The Semantic Naturalist Fallacy

Abstract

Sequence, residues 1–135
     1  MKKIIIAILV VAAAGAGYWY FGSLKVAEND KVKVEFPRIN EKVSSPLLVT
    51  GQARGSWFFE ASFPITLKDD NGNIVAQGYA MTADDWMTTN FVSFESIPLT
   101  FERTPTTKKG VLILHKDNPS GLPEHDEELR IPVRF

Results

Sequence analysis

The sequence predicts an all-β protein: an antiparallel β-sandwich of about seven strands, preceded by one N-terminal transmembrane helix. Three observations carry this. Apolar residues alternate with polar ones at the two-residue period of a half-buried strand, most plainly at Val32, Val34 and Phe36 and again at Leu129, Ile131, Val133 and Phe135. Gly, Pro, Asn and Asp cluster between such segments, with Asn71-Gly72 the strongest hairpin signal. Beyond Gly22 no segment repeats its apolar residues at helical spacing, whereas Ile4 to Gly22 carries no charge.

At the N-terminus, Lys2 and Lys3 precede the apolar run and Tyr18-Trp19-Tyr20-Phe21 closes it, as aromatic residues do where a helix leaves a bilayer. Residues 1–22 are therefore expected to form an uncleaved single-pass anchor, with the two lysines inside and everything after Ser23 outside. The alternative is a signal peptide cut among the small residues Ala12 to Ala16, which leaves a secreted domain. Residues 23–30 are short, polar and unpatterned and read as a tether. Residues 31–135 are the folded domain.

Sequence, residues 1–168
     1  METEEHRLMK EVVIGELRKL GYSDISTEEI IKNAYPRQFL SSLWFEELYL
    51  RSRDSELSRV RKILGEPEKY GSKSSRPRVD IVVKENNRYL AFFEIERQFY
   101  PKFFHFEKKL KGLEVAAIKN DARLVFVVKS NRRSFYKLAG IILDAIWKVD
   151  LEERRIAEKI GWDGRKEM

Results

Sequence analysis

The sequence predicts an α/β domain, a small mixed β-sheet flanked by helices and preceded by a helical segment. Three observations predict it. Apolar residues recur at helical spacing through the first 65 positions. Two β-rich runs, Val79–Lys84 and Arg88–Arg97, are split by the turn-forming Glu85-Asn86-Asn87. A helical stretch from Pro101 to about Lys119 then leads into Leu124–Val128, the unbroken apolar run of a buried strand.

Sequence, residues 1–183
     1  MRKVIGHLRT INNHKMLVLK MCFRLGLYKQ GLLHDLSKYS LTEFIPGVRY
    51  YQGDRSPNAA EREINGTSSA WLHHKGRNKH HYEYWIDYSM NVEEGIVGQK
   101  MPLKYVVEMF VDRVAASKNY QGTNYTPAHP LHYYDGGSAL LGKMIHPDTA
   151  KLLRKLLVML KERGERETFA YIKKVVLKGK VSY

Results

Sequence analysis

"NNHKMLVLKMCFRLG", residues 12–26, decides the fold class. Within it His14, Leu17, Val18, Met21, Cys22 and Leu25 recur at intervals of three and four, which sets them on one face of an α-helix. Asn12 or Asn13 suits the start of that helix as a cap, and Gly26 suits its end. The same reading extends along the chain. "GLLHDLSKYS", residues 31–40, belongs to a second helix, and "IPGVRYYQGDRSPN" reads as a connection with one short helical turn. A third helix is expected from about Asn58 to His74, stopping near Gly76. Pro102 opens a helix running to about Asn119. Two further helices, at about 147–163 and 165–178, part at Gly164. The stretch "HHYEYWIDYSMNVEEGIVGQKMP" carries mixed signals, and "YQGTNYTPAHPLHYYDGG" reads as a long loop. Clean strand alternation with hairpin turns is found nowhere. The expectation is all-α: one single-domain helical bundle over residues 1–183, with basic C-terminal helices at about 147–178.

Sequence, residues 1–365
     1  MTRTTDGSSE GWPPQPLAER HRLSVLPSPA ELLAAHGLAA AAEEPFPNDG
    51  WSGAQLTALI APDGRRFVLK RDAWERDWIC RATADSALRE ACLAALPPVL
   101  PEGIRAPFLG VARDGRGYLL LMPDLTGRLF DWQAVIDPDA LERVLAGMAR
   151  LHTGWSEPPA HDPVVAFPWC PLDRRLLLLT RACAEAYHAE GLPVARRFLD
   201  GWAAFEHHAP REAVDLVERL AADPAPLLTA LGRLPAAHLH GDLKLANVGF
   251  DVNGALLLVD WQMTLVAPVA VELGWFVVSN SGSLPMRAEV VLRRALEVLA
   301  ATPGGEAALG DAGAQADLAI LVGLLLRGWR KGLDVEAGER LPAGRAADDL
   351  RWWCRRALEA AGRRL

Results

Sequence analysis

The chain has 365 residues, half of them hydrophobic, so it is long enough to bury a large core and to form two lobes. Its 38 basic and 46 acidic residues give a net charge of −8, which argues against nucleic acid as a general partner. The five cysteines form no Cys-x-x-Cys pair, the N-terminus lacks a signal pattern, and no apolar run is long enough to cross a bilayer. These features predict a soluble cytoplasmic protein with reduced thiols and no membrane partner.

More than a century ago, G. E. Moore famously attempted to refute all versions of moral naturalism by offering the open question argument (OQA) followed by the “naturalistic fallacy” charge (NF).1 Although there is consensus that this extended inference fails to undermine all varieties of moral naturalism, OQA is often vindicated as an argument against analytical moral naturalism. By contrast, NF usually finds no takers at all. ln this paper we argue that analytical naturalism of the sort recently proposed by Frank Jackson and Michael Smith does after all rest on a mistake — though perhaps not the NF. Analytical moral naturalism is roughly the doctrine that some moral predicates and sentences are a priori equivalent to predicates and sentences framed in non-moral terms (Jackson 2003: 558). Given moral naturalism, it is at least possible that there are some such a priori or conceptual equivalences. But a properly construed OQA challenges this reductive strategy by showing that it is open to doubt on a priori grounds. We further contend that, in the dialectical context created by our OQA, a "digging in the heeis" defense of the strategy would beg the question. ll..
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